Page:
entities shall keep records of the actions taken in order to
identify the beneficial ownership under point (i) and this
point

Some guidance as to what constitutes “control by other
means
” is provided in Recital 13 of the Fourth Anti
Money Laundering Directive as follows:

Control through other means may, inter alia, include
the criteria of control used for the purpose of preparing
consolidated financial statements, such as through a
shareholders’ agreement, the exercise of dominant influence or
the power to appoint senior management
”.

The “senior managing officials” which the
relevant entity is to record as its beneficial owners if, having
exhausted all possible means and if there are no grounds for
suspicion, no person has been identified under limb (i) of the
definition set out above or if there is doubt as to whether the
persons identified are beneficial owners include its directors and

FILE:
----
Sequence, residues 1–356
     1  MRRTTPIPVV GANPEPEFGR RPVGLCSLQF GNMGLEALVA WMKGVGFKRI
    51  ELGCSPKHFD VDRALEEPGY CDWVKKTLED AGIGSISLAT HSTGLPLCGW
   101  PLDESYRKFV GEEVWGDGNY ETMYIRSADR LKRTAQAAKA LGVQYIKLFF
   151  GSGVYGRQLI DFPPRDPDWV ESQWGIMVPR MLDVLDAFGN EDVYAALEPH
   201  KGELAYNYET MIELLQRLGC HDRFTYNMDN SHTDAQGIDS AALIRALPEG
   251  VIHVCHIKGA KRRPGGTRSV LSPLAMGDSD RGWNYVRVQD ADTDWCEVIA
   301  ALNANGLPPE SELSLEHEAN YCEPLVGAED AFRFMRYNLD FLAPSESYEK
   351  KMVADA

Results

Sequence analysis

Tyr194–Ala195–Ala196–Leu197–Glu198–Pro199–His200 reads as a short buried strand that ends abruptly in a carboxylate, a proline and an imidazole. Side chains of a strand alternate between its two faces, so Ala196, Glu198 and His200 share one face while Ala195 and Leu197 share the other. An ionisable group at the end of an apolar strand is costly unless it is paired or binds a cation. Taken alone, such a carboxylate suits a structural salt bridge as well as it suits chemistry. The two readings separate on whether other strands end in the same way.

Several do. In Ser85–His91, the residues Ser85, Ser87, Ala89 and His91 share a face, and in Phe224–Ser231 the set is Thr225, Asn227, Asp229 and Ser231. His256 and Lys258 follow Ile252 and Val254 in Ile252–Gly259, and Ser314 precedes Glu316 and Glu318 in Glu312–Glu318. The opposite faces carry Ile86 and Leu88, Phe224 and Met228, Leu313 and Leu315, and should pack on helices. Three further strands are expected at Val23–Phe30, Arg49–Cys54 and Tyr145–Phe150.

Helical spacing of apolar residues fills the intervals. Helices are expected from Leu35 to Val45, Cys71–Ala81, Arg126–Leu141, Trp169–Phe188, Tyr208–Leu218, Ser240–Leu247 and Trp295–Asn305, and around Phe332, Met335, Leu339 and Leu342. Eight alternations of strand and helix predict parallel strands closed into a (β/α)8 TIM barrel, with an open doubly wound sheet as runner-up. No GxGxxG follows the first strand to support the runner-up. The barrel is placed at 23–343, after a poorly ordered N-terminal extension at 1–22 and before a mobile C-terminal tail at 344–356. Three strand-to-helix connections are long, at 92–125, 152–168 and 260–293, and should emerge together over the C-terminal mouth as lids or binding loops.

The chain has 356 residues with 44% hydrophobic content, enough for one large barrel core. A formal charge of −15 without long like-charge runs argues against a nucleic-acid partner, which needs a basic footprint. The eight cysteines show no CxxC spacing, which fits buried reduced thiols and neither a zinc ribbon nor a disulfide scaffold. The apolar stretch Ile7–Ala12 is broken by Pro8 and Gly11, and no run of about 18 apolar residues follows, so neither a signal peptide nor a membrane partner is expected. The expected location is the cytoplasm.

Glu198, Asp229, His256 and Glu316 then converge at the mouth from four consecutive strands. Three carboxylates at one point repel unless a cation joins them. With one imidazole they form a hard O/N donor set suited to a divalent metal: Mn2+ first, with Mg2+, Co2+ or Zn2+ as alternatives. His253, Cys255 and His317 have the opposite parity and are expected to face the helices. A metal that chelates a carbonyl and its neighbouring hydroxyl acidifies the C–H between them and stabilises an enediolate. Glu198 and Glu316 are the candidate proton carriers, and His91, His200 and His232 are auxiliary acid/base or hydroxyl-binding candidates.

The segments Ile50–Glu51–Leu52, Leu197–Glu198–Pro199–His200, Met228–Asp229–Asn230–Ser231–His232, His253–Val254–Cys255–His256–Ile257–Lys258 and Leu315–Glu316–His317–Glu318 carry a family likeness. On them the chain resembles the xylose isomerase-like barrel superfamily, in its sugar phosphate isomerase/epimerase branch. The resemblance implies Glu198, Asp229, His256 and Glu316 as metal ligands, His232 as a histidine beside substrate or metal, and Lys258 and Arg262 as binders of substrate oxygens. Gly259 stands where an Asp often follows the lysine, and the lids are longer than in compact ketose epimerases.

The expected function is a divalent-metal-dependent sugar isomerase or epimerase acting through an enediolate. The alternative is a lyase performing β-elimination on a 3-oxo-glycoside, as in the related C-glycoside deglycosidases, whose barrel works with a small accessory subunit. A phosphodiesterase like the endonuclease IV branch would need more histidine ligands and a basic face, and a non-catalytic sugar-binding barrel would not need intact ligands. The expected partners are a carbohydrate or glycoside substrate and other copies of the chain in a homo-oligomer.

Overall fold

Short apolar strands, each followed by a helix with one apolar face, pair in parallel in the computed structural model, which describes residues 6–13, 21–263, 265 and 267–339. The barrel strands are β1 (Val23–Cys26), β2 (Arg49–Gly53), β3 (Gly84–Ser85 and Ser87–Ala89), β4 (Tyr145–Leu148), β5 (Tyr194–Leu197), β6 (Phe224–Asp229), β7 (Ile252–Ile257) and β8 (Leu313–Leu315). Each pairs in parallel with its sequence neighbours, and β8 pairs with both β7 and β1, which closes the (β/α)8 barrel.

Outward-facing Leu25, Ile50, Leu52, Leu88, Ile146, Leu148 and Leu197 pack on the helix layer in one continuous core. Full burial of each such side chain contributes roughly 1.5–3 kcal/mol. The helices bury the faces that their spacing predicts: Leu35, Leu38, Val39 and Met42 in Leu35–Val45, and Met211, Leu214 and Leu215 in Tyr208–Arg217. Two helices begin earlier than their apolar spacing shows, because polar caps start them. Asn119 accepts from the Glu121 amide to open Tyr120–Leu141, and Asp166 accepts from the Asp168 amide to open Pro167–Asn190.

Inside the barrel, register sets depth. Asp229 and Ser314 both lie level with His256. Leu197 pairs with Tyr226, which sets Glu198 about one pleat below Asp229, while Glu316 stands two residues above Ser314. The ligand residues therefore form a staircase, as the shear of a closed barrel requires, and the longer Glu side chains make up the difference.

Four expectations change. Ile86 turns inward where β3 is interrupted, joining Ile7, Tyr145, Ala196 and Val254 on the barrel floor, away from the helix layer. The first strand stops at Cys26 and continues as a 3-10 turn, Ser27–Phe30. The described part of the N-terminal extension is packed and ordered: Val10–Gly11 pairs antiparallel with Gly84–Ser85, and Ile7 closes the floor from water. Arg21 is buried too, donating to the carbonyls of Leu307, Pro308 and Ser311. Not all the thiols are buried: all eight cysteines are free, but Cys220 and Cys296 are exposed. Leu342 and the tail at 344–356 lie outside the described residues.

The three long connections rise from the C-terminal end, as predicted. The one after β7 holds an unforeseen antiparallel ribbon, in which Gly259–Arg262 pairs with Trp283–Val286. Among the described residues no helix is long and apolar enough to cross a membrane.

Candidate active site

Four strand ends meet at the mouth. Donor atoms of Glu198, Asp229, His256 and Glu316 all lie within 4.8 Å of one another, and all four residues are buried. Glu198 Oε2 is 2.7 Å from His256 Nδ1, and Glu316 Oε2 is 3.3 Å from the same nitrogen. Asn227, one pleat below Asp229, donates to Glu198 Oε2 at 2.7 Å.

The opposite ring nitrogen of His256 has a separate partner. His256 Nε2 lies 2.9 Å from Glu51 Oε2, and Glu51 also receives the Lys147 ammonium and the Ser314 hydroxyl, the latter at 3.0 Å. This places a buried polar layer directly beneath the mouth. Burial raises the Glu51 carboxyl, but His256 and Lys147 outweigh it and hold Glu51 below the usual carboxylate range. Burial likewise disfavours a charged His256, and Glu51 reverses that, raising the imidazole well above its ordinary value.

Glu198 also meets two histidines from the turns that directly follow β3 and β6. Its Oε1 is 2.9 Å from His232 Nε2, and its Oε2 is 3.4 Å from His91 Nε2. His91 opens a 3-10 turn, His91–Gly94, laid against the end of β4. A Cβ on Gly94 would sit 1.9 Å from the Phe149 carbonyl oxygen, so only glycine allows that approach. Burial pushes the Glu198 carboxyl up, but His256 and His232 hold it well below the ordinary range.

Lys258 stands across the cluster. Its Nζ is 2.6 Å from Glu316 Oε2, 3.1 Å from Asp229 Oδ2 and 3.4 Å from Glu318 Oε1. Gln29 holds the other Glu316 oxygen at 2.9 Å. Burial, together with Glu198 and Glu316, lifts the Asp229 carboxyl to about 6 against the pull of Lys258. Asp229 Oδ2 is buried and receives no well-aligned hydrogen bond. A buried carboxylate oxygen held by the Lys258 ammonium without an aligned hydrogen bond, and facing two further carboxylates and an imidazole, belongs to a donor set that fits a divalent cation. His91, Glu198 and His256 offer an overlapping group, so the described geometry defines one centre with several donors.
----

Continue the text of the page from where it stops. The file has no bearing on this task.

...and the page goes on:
its chief executive officer.

The obligations imposed on relevant entities as regards the
sourcing of information on the identity and particulars of their
beneficial owners and the duties imposed on those beneficial owners
themselves, by the 2016 Regulations have been replicated in the
2019 Regulations. Please refer back to our original note (hyperlink
below) for guidance on these aspects of the 2019 Regulations.

What has changed?

We have set out below some obligations newly imposed by the 2019
Regulations of which corporates should be aware.

  1. In addition to being obliged to
    obtain and hold details of the name, date of birth, nationality,
    and residential address of each beneficial owner and a statement of